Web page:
We recently spoke with one of these brave people—we’ll call her Kate—who lives in London with her partner and their two-year-old daughter. Like any parent, she’s been working ever since her daughter’s birth to figure things out.
The birth of her child brought Kate great joy. But only a few weeks later, deeply disturbing thoughts started popping into her head. These thoughts morphed over time, and brought her to a breaking point.
Before I had my daughter, I never paid attention to children. I didn’t care for people’s baby showers or kids’ birthdays. I never paid attention to their vulnerability—they were just these little humans their parents wouldn’t stop going on about.
That was until I had my own. For the first six months of my daughter’s life I had thoughts of killing her, it consumed my every waking moment. She had died a million times in my head. But one day that all changed.
I know this sounds clichéd, but I honestly remember it like it was yesterday. I was reading my usual Hollywood gossip pages when there was a story about Mark Salling, the bloke from Glee, being arrested for child pornography. And from that moment on it was like a switch was flicked in my head and my usual killing thoughts (which I had started to get used to) became more sinister. I started to have panic attacks. What if I molest my daughter? What if I’m a pedophile and don’t know it?
I remember frantically ringing my father and telling him all of my worries while crying on the living room floor. I honestly thought I could turn into a pedophile overnight and harm my daughter. From then on, I was terrified to change her, bathe her—any time a body part of hers was exposed, I would have a panic attack.
It didn’t end there. OCD wouldn’t let me get away with it that easily. I was scared to walk past schools in case I looked like a pedophile, especially when it was break time and kids were playing on the playground. Did I look at them in a creepy way? Do I look like a pedophile?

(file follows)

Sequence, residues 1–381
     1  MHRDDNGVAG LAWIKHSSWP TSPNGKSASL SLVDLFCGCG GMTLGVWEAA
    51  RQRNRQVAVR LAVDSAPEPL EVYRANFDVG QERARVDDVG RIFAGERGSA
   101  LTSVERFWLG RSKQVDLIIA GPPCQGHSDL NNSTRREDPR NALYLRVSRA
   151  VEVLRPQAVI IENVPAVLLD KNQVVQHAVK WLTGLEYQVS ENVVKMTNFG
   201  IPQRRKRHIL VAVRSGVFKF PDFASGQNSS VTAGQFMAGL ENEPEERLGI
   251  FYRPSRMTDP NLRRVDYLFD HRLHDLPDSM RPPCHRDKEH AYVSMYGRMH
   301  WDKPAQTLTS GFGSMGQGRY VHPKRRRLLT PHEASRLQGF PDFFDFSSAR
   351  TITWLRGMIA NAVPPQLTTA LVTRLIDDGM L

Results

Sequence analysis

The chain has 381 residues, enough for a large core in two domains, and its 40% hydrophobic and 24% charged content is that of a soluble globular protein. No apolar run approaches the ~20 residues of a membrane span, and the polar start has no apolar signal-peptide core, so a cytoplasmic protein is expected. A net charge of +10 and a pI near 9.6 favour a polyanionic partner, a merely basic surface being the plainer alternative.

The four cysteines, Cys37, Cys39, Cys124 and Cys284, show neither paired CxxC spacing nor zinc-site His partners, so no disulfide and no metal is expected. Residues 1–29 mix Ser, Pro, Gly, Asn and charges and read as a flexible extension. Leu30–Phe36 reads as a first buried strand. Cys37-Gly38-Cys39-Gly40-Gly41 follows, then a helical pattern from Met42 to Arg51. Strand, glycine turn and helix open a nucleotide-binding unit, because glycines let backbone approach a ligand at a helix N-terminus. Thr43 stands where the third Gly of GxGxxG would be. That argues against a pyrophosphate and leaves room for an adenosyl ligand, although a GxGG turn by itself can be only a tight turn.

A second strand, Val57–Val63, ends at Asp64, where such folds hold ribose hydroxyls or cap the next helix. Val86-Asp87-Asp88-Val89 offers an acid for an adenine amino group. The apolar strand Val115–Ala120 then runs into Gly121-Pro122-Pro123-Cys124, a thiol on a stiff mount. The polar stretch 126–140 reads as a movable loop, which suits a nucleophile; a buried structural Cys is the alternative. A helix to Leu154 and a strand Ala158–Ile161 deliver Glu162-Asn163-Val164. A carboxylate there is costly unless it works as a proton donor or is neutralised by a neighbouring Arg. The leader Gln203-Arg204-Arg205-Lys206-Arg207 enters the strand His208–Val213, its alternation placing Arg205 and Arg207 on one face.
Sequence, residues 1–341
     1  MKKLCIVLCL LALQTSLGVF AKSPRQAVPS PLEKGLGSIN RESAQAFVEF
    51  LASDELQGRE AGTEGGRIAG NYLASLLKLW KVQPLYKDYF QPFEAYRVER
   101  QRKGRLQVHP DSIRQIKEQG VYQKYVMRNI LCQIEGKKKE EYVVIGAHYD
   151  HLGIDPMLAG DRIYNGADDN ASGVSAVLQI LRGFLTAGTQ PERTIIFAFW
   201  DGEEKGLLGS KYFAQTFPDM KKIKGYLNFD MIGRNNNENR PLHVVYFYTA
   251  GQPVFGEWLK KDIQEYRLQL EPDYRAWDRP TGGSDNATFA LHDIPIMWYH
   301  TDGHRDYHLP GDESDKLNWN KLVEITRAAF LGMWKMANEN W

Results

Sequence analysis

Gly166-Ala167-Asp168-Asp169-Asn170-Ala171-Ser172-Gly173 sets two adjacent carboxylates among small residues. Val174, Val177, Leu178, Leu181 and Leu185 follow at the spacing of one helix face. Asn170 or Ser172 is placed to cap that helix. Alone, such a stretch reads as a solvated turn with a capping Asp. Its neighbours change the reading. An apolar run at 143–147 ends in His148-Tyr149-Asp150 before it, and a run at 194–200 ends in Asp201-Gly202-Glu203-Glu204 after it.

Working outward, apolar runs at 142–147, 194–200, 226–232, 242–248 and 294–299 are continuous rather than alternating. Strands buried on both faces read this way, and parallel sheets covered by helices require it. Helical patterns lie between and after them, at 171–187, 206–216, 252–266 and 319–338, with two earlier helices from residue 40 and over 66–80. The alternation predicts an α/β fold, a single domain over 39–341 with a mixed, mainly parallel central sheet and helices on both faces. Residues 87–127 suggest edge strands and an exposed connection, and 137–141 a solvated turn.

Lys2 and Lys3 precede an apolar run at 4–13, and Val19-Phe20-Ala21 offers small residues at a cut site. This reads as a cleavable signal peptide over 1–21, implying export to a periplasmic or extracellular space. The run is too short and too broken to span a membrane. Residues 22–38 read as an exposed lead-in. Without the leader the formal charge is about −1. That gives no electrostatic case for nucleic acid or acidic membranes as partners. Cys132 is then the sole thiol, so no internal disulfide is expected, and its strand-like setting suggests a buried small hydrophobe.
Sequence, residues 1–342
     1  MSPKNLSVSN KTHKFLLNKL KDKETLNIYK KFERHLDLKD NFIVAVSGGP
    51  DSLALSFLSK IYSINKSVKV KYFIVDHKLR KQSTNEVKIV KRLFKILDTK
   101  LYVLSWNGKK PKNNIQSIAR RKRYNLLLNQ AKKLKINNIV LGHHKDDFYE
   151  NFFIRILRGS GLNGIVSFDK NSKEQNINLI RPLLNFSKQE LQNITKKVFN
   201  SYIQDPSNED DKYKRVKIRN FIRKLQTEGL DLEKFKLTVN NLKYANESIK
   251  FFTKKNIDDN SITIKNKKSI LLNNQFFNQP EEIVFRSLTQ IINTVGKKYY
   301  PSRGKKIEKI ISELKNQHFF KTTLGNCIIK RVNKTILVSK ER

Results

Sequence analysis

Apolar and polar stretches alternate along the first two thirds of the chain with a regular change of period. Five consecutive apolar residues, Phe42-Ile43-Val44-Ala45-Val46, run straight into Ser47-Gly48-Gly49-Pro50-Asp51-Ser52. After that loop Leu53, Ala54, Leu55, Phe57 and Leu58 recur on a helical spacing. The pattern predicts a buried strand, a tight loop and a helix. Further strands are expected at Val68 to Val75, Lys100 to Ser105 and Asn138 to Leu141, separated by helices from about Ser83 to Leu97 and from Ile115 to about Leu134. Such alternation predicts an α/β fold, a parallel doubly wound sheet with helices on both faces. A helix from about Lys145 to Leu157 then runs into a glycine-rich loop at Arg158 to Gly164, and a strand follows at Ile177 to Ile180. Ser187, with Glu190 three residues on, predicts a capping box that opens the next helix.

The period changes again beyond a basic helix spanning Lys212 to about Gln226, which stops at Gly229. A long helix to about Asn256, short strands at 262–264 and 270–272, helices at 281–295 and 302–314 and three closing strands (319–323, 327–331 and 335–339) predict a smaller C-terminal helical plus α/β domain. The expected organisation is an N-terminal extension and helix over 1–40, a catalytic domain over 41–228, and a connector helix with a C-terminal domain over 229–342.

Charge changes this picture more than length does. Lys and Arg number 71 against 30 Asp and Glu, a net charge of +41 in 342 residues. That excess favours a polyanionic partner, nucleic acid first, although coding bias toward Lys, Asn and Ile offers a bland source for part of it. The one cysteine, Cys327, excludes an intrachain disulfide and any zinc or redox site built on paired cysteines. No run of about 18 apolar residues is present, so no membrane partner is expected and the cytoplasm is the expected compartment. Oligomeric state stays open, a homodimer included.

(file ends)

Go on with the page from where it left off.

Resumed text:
I was broken.
This kind of OCD takes you into utter darkness, so much so that I contemplated ending my life because I couldn’t cope with another thought. Even while writing this I’m very conscious of the language I use: I don’t want someone to think that I am a pedophile.
You see, that’s how fucked up OCD is: it convinces you that you are what it says you are, even with zero evidence. However, I have come to realise that OCD wants you to keep your thoughts secret. It doesn’t want you to bring them into the light where they might have to face some rationality.
So, if you’re suffering, what do you need to know?
Well, you need to see these pedophilic thoughts like any other intrusive thought, because that’s all they are. The big difference between someone with OCD and a pedophile is how they react to the thought that they might be one.
I would ask you what happens when you have these thoughts…
Do you panic?
Avoid places where there are children?
Do you think you’re a bad person?
Do you have compulsions that you use in order to rid yourself of the thoughts?
Thanks to Kate for her bravery in sharing this story with people around the world. There’s so much fear about the kinds of thoughts she experiences that very few people ever tell someone (even a therapist) about them. But if your own story is anything like hers, or you know someone who’s struggling with pedophilic thoughts, help is available. (This is true for both Pedophilia OCD and actual pedophilia).
Kate wants to remind everyone that Exposure and Response Prevention (ERP) therapy, conducted by a licensed OCD therapist, is the best way to recover from OCD—including Pedophilia OCD. This unique therapy is specifically designed to help people face their obsessions and resist compulsions.
ERP is most effective when practiced with a therapist who has received specialized training in OCD treatment. They know what to anticipate when you describe your thoughts and behaviors, and how to build your personalized treatment program. Their expertise is in teaching you how to manage your OCD so you don’t feel stuck on disturbing thoughts like Kate’s. This is the same important training all of our NOCD Therapists receive.
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The goal of NOCD is to reduce your OCD symptoms within just a few weeks of live one-on-one video therapy. You’ll be welcomed into our supportive peer community, with 24/7 access to personalized self-management tools built by people who have been through OCD and successfully recovered.
If you are struggling with POCD, there is hope! The first step is finding the right help by seeking out a provider trained in treating OCD with Exposure and Response Prevention (ERP) Therapy. ERP is most effective when the therapist conducting the treatment has experience with OCD and training in ERP. At NOCD, all therapists specialize in OCD and receive ERP-specific training. Schedule a free call today with one of our clinical team members to learn more about how a licensed OCD therapist can help you get better. This consultation is free and doesn’t take very long—and it could be one of the most important calls you ever make.